Carol Schwartz was an elected official in Washington, D.C spanning four decades. Though a Republican then, where the voter registration was against her 11 to 1, she ran for Mayor, coming close to defeating Marion Barry in 1994—still the closest Mayoral general election in the city’s history. (She has been a registered Independent since 2013.)
Carol has received many awards, including the National Capital Area Leadership Award from the Human Rights Campaign, the Whitney M. Young Award for Community Service from the Greater Washington Urban League, and the Three Decades of Leadership Award from the Metropolitan Washington Area Council of Governments.
Born in Greenville, Mississippi, but raised in Midland, Texas, Carol's family was Jewish—a rarity in that town where there was some prejudice. In West Texas, she worked starting at age eight in the family store that sold clothes to people who toiled in the oil fields. She also helped care for her only sibling, her older brother Johnny who was intellectually disabled.
A graduate of the University of Texas in 1965, Carol visited D.C. that summer and fell in love with the city. Thus, in January of 1966, she left both a job and fiancé in Austin and took off for Washington. She taught special education, married, had children, and was elected to the Board of Education in 1974. There she helped create Banneker Academic High School as well as helped bring about reforms that raised test scores.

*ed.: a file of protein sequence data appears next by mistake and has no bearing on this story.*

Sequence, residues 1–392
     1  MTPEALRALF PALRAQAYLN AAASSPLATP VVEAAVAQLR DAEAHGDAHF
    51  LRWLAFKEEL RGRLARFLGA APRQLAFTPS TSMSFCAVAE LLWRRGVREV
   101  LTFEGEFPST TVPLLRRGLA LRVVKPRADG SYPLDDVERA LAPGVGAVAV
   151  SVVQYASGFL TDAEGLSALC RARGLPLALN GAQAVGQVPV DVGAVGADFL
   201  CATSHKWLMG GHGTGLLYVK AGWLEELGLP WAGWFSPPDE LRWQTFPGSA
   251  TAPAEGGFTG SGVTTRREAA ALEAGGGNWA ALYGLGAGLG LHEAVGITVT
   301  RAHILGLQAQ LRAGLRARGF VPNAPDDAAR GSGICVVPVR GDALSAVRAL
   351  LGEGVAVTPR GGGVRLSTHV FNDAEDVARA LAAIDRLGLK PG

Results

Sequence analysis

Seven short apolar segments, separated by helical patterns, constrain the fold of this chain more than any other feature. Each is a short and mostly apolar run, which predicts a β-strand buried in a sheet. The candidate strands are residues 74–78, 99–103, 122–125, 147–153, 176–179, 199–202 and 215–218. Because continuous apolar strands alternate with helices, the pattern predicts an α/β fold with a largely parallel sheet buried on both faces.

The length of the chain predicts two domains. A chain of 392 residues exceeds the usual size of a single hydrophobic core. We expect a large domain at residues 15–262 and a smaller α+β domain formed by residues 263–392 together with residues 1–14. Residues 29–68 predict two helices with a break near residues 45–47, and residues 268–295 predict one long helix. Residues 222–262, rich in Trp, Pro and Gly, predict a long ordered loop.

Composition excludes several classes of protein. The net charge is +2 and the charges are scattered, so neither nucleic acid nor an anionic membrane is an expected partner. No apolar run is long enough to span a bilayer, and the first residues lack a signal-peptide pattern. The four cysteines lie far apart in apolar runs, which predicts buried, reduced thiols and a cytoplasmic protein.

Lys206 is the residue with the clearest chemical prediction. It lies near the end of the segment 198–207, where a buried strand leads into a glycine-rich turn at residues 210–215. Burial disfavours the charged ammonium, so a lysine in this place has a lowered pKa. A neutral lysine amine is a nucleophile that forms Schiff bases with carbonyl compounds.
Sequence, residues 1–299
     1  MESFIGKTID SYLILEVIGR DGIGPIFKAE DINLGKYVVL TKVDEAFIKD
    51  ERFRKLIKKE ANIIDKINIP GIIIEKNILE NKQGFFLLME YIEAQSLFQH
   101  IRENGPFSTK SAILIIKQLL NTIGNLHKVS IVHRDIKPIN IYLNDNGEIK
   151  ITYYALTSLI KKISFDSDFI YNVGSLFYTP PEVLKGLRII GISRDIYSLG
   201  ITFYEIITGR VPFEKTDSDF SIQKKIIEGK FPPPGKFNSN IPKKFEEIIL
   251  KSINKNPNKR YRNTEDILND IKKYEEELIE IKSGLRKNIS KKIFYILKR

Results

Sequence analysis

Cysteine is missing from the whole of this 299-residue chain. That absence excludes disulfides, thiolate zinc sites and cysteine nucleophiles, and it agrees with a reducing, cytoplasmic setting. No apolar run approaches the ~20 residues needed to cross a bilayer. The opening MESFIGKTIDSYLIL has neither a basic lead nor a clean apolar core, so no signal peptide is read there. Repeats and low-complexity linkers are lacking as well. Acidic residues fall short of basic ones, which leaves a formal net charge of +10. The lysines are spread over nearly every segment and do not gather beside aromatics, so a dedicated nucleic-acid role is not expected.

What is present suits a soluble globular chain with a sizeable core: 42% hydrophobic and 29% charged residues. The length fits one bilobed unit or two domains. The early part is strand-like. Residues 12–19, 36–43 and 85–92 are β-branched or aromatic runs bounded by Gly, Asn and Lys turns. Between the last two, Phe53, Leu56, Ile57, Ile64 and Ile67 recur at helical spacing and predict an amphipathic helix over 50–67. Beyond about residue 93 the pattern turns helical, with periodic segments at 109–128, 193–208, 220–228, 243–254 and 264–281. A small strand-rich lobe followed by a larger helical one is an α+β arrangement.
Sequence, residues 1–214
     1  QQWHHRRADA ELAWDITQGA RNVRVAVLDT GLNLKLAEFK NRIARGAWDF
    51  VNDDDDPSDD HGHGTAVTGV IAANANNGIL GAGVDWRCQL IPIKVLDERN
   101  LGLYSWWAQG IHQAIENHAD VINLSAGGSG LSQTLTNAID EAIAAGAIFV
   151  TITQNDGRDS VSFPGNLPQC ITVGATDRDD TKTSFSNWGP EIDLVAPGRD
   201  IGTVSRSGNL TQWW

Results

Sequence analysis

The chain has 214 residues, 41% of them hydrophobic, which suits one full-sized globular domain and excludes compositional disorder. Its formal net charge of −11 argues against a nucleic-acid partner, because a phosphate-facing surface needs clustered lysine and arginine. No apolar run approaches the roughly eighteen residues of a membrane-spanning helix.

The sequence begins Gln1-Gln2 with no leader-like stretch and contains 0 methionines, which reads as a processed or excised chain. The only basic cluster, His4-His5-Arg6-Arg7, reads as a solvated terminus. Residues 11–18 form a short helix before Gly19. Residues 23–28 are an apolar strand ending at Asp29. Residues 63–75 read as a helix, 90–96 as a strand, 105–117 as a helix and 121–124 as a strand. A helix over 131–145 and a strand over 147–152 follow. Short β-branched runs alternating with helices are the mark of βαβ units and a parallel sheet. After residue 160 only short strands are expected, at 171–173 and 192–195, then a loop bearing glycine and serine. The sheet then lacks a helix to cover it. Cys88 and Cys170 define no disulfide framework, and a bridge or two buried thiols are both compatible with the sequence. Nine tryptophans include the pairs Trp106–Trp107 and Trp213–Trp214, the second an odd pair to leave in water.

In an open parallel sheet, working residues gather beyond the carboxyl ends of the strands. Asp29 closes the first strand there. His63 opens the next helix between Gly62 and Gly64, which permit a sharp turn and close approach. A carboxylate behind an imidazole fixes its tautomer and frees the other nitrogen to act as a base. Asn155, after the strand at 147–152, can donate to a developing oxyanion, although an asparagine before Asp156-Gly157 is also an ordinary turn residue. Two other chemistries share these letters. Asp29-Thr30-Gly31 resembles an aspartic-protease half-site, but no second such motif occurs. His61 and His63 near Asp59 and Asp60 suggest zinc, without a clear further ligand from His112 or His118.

Then in 1984, Carol got elected to the Council of the District of Columbia where she served from 1985 until 2009 (with a break in between after her husband’s tragic death), Carol worked diligently to make changes for the better in the city. Some examples include: creating the Department of the Environment, giving relief to overtaxed residents, getting the nation’s strongest tree protection bill passed, and spearheading sick and safe leave for private sector workers—making D.C. the second jurisdiction in the country to do so.
An ethical watchdog, Carol made sure D.C.’s Whistleblower Protection Law was the toughest in the nation. She unearthed and stopped government “sweetheart deals” and personally renegotiated contracts, saving millions, earning her the title of “Best Friend of the D.C. Taxpayer” from the Washington City Paper. Carol has been a 50-year volunteer in D.C., tutoring students in Anacostia, counseling substance abusers, fighting for people with HIV/AIDS and other marginalized groups, providing safe activities for kids, helping to protect animals, and promoting the arts, among other causes. She was the first woman President of the Board of the Metropolitan Police Boys and Girls Clubs in its 61-year history, and has served on the Boards of the Whitman-Walker Clinic, the Humane Rescue Alliance, the Hattie M. Strong Foundation, the Community Advisory Board of the Kennedy Center, and the National Council of the National Museum of the American Indian, to name a few.
Carol has also had several opportunities to contribute in areas involving the federal government, including appointments by two Presidents and a Secretary of the U.S. Department of Education. She has also been active in helping people, especially women, both here and abroad, become more involved in their political systems, Carol has done volunteer training for prominent organizations in this regard as well as held fundraisers for groups such as the Women's Campaign Fund.
A mother of three adult children, all D.C. Public School graduates, Carol also has two adorable and exceptional grandchildren, and many precious grandpets.